Philip Morris is spending $100 million to revamp its image, launching a television and web campaign that surprise -- cigarettes do kill after all. What is driving the company's effort to "educate" the public about the dangers of smoking? A sudden burst of concern about the millions of lives devastated by the tobacco industry's years of outright deceit? Hardly. Rather, it is the sting of successful lawsuits already brought against the cigarette makers and the fear of the ones pending.
In another about-face, State Farm has announced that it will temporarily halt the use of replacement parts that had not been approved by manufacturers. This reversal comes after years of stonewalling and after a Consumer Report study found that these generic parts often fit poorly and could pose a threat to passenger safety. They were hit with a record $1.2 billion award in a case filed by five plaintiffs accusing the nation's largest insurer of fraud and breaching its contract with policyholders, because State Farm was not living up to its promise to restore damaged vehicles to their pre-loss condition, but instead was substituting generic parts that were inferior and therefore failed to honor their obligation to policyholders.
The corporations did not suddenly acquire a conscience. Instead, a "conscience" had been forced upon them.
The awakening public has begun to express, convincingly, through jury verdicts a simple proportion: there is absolutely no way to punish and deter the kind of greed that cases corporations to put profits over people, other than punitive damages.
Corporations, after all, are the only entities under the law unburdened with a conscience. People have a conscience, feel guilt, experience compassion and ultimately must live with themselves. Not so with corporations. Although there are exceptions, the "goodness" of a corporation is usually defined by its bottom line.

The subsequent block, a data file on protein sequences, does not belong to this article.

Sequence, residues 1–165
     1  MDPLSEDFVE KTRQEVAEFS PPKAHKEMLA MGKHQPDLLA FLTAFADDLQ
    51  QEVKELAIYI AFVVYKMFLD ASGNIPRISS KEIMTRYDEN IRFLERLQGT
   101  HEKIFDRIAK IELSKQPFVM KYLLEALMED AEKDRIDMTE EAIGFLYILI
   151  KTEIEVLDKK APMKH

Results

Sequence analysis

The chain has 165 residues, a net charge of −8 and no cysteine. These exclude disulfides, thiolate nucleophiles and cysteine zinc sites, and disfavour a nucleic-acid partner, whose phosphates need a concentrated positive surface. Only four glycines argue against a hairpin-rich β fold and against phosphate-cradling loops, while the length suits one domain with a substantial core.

Despite Philip Morris' image makeover, where is the tobacco industry's conscience? Would a person knowingly and intentionally purvey misery and death for the sake of financial profit? No, except for the few who do not let conscience stand in their way, and those individuals society brands as criminals, with its own set of punishments.
Managing the behavior of corporations is, in many ways, much more complicated than regulating the activities of individuals. Many forms of punishment that could be used to influence human behavior are simply unavailable where corporate wrongdoing is involved.
Society cannot put a corporation that decides to profit from people's misery and death in prison. Society cannot give the death penalty to businesses that choose to save money while allowing people to burn in vehicles they knew were unsafe. We cannot do much to punish or deter the amoral acts of some corporations. We have only one remedy: Hit them with punitive damages, which are defined by law as punishment of especially outrageous conduct.
The prospect of punitive damages forces a corporation to place a line-item entry on the balance sheet for protection of the public. The bottom line becomes this: Punitive damage awards are the public's only way of imposing conscience on a corporation.